If you have any problems related to the accessibility of any content (or if you want to request that a specific publication be accessible), please contact (email@example.com). We will work to respond to each request in as timely a manner as possible.
The strategy and motivational influences on the beneficial effect of neurostimulation: a tDCS and fNIRS study
AuthorJones, Kevin Turre
AdvisorBerryhill, Marian E.
StatisticsView Usage Statistics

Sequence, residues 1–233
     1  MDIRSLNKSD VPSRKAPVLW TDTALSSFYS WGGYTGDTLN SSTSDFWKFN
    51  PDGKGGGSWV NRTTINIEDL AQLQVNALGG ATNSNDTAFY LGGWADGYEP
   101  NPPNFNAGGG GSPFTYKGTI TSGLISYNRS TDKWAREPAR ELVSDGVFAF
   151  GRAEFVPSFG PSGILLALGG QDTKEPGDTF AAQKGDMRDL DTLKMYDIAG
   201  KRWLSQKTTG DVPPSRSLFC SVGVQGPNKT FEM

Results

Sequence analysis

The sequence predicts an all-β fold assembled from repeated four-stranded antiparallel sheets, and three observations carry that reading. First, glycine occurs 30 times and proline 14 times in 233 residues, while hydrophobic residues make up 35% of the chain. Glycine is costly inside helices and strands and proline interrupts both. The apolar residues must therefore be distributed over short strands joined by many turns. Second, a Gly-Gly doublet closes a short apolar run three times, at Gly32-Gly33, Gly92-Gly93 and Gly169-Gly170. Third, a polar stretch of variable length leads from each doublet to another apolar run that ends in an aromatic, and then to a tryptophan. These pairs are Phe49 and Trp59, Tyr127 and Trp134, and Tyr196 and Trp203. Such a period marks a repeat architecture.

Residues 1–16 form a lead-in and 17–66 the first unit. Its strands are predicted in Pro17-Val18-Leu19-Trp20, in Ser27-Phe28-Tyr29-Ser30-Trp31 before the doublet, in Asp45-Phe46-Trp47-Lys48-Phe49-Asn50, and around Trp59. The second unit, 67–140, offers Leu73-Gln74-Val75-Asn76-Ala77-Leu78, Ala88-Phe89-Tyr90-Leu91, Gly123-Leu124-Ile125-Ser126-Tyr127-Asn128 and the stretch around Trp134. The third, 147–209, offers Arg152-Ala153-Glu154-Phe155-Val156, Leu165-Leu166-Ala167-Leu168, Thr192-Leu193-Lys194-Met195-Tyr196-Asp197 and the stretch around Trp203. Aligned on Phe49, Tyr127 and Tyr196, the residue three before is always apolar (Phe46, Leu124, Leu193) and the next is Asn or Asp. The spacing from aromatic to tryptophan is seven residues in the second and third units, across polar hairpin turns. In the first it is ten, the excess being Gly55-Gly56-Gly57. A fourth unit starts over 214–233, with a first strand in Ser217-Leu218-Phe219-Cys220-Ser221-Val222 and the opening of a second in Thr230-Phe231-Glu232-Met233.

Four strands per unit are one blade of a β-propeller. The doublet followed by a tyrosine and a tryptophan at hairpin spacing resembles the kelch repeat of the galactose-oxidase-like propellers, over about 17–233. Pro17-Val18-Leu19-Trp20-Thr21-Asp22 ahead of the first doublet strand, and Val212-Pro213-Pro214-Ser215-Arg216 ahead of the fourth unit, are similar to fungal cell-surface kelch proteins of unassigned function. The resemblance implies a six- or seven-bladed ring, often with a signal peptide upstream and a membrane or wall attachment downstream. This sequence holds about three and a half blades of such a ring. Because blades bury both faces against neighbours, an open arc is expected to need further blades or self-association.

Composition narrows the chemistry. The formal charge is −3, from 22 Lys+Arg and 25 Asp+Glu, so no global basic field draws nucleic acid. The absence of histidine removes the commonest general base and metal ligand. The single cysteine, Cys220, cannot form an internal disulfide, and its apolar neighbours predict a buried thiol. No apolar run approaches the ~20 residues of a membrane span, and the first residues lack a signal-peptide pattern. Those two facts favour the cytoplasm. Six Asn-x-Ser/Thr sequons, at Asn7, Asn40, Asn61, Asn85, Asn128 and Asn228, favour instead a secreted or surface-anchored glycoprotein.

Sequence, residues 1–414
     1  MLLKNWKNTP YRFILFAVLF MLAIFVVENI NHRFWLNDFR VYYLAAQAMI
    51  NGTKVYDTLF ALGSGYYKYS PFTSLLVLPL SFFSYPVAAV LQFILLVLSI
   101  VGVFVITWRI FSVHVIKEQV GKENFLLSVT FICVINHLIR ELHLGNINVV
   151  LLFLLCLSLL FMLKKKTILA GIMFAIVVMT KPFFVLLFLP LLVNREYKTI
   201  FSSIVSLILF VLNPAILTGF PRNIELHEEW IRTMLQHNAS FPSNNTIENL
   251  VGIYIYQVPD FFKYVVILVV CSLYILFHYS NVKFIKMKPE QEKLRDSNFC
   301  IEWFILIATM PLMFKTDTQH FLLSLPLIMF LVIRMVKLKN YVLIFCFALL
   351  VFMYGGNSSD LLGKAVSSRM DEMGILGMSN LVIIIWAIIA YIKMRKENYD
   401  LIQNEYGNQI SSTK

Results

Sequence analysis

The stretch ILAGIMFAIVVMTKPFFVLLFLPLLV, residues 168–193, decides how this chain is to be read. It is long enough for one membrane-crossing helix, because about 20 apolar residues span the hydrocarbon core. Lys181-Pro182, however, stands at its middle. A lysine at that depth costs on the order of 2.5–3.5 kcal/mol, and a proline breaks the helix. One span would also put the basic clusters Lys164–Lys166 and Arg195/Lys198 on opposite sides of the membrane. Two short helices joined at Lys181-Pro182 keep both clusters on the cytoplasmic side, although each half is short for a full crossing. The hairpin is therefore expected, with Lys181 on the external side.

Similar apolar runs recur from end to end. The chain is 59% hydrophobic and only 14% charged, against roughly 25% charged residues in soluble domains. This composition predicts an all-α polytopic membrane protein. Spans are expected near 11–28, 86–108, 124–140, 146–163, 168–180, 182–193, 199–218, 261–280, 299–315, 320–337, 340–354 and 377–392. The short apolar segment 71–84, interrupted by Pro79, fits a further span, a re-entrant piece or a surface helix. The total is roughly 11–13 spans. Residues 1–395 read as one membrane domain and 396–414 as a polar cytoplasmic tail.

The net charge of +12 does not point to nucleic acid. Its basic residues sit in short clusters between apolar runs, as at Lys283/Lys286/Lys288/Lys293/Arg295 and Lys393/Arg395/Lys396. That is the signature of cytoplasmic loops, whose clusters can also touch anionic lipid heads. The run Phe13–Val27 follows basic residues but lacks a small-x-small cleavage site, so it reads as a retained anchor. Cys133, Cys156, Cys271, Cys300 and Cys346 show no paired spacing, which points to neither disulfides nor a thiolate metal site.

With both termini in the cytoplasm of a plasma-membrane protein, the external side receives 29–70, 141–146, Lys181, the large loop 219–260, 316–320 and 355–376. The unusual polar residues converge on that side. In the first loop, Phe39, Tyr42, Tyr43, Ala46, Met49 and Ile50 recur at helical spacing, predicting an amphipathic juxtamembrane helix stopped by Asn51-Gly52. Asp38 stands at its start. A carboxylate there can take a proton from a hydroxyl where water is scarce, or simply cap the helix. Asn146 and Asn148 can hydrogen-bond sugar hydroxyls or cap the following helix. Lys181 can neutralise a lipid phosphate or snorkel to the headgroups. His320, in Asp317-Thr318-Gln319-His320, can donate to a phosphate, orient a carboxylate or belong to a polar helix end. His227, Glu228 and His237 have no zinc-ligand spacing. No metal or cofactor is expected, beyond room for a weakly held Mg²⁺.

The use and public knowledge of noninvasive neurostimulation is rapidly increasing. Transcranial direct current stimulation (tDCS) is a noninvasive technique in which small amounts of current are passed through the cortex in order to change the resting state of underlying neurons. This technique has wide use in rehabilitation and research settings. Here we studied the use of tDCS in healthy younger adults. Our previous findings demonstrated that tDCS can improve working memory (WM) performance in some individuals. We learned that individual differences in education level and WM capacity modulate tDCS effects. In Experiment 1 and 2 we investigated why low WM capacity participants do not benefit or have reduced performance after tDCS. We also explored how tDCS affects cortical blood flow using functional near infrared spectroscopy (fNIRS). In Experiment 1 we examined how strategy use influences tDCS effects. The results demonstrated that active strategy use does not facilitate tDCS effects in low WM capacity participants. Conversely, the high WM capacity participants continued to improve. Furthermore, we found that only the high WM capacity participants had an increase in oxygenated blood flow following anodal tDCS regardless of strategy use. In Experiment 2 we investigated how motivation level modified tDCS effects. We found that motivation level promoted enhanced performance across tDCS conditions for both WM capacity groups. Interestingly, only the low WM capacity participants had an increase in oxygenated blood flow across all motivation and tDCS conditions. The results from all four experiences have important implications for future successful use of neurostimulation in both clinical and healthy populations.